Thorium Rocks!

Countries like the United States and India are funding big projects all over the world because of an element called thorium. Thorium is a nuclear alternative to Uranium and looks to provide clean power for millions (PGE).

There are lots of negatives commonly associated with nuclear energy. Historically, nuclear power plants are associated with many tragedies. Uranium plants are inherently unsafe and are susceptible to meltdowns and natural disasters. Nuclear waste also poses its own problem. Unsafe radioactive waste has no real method of disposal. This harmful waste can hurt the environment and has to be safely buried underground. Uranium deposits are also nonrenewable as the element becomes more scarce other energy sources need to be developed.

Thorium energy hopes to solve some of these problems. Despite also being nonrenewable, there is three to four times as much thorium in the earth’s crust. On top of that, thorium is 200 times more energy dense than uranium, meaning the supply will last significantly longer (The Guardian).

Thorium as an element is fertile, not fissile like uranium (Alternative Energy). Because of this, it needs another element, like plutonium, present in order to produce energy. This fact has multiple great upsides. An example is that since thorium can’t produce energy by itself, it can be safely drained away from its supporting plutonium preventing any form of disaster.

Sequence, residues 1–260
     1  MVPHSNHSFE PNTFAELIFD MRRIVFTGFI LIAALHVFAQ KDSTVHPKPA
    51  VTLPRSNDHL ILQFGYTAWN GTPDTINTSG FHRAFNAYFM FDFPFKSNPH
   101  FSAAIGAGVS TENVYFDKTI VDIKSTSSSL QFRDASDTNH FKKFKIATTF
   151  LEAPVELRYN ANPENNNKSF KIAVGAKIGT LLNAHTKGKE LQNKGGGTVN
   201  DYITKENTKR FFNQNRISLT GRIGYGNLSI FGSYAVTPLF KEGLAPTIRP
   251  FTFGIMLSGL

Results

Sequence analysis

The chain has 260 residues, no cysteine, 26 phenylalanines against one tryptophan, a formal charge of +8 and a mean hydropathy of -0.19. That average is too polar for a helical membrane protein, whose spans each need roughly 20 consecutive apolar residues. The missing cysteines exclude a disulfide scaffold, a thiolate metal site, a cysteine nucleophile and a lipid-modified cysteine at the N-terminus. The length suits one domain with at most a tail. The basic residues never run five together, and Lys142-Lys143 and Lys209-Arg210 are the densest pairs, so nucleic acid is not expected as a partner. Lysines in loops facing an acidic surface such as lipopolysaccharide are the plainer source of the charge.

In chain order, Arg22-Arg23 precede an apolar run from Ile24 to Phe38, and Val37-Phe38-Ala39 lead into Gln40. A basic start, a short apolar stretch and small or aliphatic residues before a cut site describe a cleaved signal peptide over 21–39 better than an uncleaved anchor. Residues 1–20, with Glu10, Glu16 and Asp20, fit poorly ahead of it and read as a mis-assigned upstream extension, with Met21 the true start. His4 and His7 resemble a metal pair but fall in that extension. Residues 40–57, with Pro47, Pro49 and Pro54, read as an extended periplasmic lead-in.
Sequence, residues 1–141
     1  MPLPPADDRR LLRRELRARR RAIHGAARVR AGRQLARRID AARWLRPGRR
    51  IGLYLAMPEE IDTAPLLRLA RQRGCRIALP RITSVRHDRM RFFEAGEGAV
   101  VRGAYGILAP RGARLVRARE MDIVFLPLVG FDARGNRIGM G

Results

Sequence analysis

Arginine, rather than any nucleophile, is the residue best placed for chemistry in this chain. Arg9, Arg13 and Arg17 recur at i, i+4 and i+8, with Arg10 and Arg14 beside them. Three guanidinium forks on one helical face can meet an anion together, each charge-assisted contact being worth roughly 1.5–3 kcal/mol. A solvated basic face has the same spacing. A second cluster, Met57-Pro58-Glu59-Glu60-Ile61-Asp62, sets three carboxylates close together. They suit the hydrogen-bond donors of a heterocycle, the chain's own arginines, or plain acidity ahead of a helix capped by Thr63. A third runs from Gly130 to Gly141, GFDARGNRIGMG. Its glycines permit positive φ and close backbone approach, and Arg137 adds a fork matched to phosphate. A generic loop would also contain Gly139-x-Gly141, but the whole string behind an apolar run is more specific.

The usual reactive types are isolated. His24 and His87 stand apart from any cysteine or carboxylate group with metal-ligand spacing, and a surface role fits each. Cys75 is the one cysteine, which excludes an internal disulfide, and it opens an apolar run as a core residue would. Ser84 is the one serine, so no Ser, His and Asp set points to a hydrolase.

Thorium as a power source is being held back by public opinion on nuclear energy. Because of past nuclear catastrophes, the media’s portrayal of nuclear energy is negative. Thorium represents the need for change.

When asked about the social stigmas surrounding nuclear energy, and how thorium may push to change them, a Pennridge physics teacher, Matt Simkins, said he thought thorium could be an important step towards nuclear acceptance. Another Pennridge teacher, Heidi Neuman, shared this sentiment by saying that Generation Z is possibly the solution to a world that welcomes nuclear energy.


“Facts About Nuclear Power.” PGE, Accessed 11 January 2023.

Hadhazy, Adam. “Why Aren’t We Using Thorium in Nuclear Reactors?” Discover Magazine, 6 May 2014, Accessed 11 January 2023.

“Nuclear Energy.” Alternative Energy, edited by K. Lee Lerner, et al., 2nd ed., UXL, 2012. Gale In Context: High School, Accessed 21 Dec. 2022.

“We should be developing nuclear power as an energy source; Thorium-based nuclear power is clean and safe.” Telegraph Online, 14 July 2013. Gale In Context: Opposing Viewpoints, Accessed 21 Dec. 2022.

“Energy: The nuclear option: India pins hopes on cleaner, thorium-powered plants: First reactor to be running by the end of the decade Abundant fuel could be an alternative to fossil fuels.” Guardian [London, England], 2 Nov. 2011, p. 23. Gale In Context: Opposing Viewpoints, Accessed 21 Dec. 2022.

Chan, Szu Ping. “Uranium may have had its day as safer nuclear fuel is tested; POWERING THE FUTURE PART 4; Scientists are turning their attention to thorium, a cleaner and cheaper alternative, writes Szu Ping Chan.” Daily Telegraph [London, England], 21 Aug. 2013, p. 4. Gale In Context: Opposing Viewpoints, Accessed 21 Dec. 2022.